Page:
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Firoz Shah Tughlaq

The year 1309 saw the birth of Firoz Shah Tughlaq. He was a Muslim who ruled the Tughlaq dynasty as its third king. From 1351 until 1388, he reigned as emperor. He succeeded his cousin Muhammad-bin Tughlaq to the throne after his death (ruled from 1324 to 1351 AD).

For the first time in the Delhi Sultanate’s history, a scenario existed in which no one was willing to take the reins of authority. The camp’s adherents persuaded Firoz to take responsibility after considerable persuasion. Indeed, Khwaja Jahan, Muhammad bin Tughlaq’s Wazir, had installed a young child on the throne, claiming him as his son, who quietly resigned after that. His domain was considerably less than Muhammad’s because of widespread discontent. Tughlaq was compelled by revolts to grant Bengal and other regions virtual freedom. He imposed Sharia across his domain.

The dynasty began with Ghiyas-ud-din Tughlaq’s (1320–1324 AD) reign and ended with Nasiruddin Mahmud’s (ruled from 1395 to 1412 AD).

Early Life of Firoz Shah Tughlaq

Firoz Shah was the son of a Hindu princess from Dipalpur, a Rajput dynasty, and was named Rajab by his father. Rajab was the younger brother of Ghazi Malik, the dynasty’s Sipahsalar.

Feroz Shah Tughlaq was dubbed one of the greatest rulers in administration because he implemented initiatives like tax reforms, irrigation projects, charity programs, and public works, garnering acclaim from all sides. However, he lacked growth since he could not replicate the fear of his predecessors and was destroyed in Bengal.

Rise to Power Firoz Shah Tughlaq

Following Muhammad Bin Tughlaq’s death, the obvious option for the throne would have been his sons; instead, the nobility selected Feroz shah Tughlaq to head the Tughlaq dynasty. Historians disagree on this point, with some believing that Feroz Shah Tughlaq was a usurper. The majority believe that Feroz selects as Muhammad Bin Tughlaq’s successor due to the affection between the two cousins Muhammad bin Tughlaq and Feroz Shah Tughlaq.

Reign Firoz Shah Tughlaq

Firoz’s rule was markedly different from that of his predecessor. Forget about capturing additional territory; he attempt to reclaim the regions that were partitioned. Numerous areas gained autonomy during his tenure.

Additionally, Firoz Shah made necessary concessions to Islamic experts. To keep them on his side, he shunned kingdom activities considered un-Islamic by academics. He initiated the imposition of Jaziya.

He established the concept of inheritance in the armed services, allowing commanders to rest and enlist their offspring in their place. They were compensated, however, not in actual money, but inland.


He encountered many uprisings, including those in Bengal, Gujarat, and Warangal. Nonetheless, he laboured to enhance the empire’s infrastructure, including the construction of canals, rest houses, and hospitals and the creation and refurbishment of reservoirs and wells.

He established many cities in the vicinity of Delhi, including Jaunpur, Firozpur, Hissar, Firozabad, and Fatehabad. The majority of Firozabad destroy when successive rulers demolish its structures and use the spolia as construction materials, and the remainder absorb into New Delhi as it expanded. He also restored the earthquake-damaged Qutub Minar.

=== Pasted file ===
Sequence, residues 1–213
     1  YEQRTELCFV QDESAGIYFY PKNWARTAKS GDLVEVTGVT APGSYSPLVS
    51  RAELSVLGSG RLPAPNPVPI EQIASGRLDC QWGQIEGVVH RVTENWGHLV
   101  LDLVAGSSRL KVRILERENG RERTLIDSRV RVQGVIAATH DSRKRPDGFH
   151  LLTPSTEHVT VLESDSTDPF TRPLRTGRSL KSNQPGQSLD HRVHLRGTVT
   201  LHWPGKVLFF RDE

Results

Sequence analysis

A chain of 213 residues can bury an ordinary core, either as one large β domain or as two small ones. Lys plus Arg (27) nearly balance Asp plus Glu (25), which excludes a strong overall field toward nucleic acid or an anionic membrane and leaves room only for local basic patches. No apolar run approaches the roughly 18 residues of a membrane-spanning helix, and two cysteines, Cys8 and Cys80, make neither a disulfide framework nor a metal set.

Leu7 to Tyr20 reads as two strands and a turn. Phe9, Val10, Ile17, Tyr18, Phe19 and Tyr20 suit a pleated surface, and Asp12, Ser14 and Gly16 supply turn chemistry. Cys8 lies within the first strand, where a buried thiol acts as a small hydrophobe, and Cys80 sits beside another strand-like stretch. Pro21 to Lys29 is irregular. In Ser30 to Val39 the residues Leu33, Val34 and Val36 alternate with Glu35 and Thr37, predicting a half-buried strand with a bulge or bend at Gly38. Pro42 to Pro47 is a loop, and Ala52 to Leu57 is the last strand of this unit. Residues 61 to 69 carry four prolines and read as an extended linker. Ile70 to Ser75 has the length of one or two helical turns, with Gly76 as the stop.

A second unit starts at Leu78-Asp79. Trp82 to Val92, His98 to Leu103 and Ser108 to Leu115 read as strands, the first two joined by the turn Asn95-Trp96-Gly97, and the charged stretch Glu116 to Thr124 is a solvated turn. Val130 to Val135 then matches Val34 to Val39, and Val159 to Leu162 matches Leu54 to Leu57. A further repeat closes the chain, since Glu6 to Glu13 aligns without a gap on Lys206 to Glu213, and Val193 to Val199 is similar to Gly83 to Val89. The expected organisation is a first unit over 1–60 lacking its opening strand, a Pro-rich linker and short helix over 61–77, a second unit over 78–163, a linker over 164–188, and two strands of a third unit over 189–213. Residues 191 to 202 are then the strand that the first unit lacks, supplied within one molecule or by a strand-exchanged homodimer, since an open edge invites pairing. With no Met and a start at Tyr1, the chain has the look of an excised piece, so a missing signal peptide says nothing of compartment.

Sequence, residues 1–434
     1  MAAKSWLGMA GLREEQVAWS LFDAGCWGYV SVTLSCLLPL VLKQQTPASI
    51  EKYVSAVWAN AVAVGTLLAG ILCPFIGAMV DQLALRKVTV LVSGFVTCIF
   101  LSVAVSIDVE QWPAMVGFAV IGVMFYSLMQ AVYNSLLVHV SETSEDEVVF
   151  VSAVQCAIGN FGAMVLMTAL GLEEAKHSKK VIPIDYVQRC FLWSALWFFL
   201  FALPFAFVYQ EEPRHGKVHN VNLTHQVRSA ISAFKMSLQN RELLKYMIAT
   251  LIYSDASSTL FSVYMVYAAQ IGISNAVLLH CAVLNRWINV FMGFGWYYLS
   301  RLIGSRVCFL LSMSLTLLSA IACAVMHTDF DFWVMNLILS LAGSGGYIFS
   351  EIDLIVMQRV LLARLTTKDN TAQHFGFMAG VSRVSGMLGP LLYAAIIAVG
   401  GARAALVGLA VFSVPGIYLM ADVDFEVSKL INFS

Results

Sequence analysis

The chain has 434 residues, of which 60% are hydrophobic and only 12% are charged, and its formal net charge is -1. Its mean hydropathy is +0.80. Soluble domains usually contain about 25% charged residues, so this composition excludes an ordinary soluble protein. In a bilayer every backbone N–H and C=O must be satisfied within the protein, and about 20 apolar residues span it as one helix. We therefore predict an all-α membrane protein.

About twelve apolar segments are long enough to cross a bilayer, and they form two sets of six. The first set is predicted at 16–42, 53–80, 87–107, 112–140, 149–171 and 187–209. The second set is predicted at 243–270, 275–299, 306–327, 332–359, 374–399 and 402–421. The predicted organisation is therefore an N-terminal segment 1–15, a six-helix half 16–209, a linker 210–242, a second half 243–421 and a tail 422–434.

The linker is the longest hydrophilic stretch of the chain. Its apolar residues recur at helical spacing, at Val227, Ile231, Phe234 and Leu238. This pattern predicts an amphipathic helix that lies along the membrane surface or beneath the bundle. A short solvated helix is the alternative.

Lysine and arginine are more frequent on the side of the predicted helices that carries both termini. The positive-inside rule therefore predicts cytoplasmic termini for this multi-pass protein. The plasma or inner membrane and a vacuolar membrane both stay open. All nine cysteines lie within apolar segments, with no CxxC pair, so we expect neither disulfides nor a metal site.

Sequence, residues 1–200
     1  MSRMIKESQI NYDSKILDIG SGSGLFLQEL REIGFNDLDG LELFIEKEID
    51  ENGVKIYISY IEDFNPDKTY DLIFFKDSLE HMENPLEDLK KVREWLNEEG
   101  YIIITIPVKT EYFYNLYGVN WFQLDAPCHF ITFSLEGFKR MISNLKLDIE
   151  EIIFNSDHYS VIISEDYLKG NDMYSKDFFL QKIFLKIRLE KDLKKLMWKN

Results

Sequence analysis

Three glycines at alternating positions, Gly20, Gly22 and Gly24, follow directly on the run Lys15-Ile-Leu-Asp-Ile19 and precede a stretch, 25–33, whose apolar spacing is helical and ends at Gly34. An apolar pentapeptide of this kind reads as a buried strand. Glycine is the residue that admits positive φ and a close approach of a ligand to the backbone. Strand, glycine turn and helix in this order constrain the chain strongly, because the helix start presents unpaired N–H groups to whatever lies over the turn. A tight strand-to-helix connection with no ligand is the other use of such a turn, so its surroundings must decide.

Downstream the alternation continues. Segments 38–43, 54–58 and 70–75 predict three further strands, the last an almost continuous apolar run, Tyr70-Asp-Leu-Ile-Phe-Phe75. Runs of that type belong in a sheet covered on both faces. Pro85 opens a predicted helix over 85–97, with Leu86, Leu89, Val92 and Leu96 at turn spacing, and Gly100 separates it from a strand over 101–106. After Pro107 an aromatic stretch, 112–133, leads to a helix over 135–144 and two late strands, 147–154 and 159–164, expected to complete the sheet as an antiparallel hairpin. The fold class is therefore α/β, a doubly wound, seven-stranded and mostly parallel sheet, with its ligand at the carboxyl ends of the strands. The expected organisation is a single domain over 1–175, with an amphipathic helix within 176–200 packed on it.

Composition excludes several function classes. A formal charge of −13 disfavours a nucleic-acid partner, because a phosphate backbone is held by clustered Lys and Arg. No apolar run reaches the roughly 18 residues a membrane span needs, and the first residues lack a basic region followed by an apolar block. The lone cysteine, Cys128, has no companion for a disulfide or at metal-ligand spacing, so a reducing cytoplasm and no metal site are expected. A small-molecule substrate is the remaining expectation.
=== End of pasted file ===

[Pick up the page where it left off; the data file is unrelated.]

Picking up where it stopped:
Policies Firoz Shah Tughlaq

Tughlaq was a devout Muslim who adhered to sharia law. To theologians, he made some significant concessions. He placed a levy on all non-Muslims known as Jizya. Firoz attempted to outlaw activities that orthodox theologians deemed un-Islamic, such as Muslim women going out to pray at saints’ tombs. He persecuted several cults that Muslim scholars deemed heretical.

Tughlaq absorbed the errors committed under his cousin Muhammad’s reign. He chose neither to reconquer regions that had secluded nor to prevent other areas from secluding. As a ruler, he was indiscriminately kind and merciful. He chose to keep the nobility, and the Ulema pleased to ensure that he could govern his country peacefully.

Expeditions Firoz Shah Tughlaq

In 1353 and 1358, he was the commander of operations against Bengal. His conquests included the acquisition of Cuttack, the desecration of the Jagannath Temple in Puri, and the forced tribute payment of Raja Gajpati of Jajnagar in Orissa. In the 14th century, he was successful in converting the Chauhan Rajputs from Hinduism to Islam. In Rajasthan, they now referred to as Qaimkhanis.

He besieged Thatta, and he compelled Nagarkot to pay tribute and lay siege to Kangra Fort and thatta. During his reign, the Tatar Khan of Greater Khorasan invaded Punjab on many occasions. During the last battle at Gurdaspur, the sword handed by Feroz Shah Tughlaq to Raja Kailash Pal of Mau-Paithan from the Nagarkot area cut his face.

Feroz Shah Tughlaq marry off his daughter to Raja Kailash Pal converted him to Islam, and sent the pair to govern Khorasan, where the queen gave birth to eleven boys who known as ‘badpagey’, a caste descend from the tribe of Badpagey.

Merit’s Violation and Corruption